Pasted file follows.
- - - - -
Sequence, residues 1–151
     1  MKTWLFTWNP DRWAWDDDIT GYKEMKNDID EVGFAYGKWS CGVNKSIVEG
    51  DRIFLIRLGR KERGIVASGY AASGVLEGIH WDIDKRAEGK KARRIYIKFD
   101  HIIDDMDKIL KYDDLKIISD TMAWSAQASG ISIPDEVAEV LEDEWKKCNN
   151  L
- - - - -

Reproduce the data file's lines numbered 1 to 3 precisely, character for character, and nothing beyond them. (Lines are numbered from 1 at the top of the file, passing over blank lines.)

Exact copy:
Sequence, residues 1–151
     1  MKTWLFTWNP DRWAWDDDIT GYKEMKNDID EVGFAYGKWS CGVNKSIVEG
    51  DRIFLIRLGR KERGIVASGY AASGVLEGIH WDIDKRAEGK KARRIYIKFD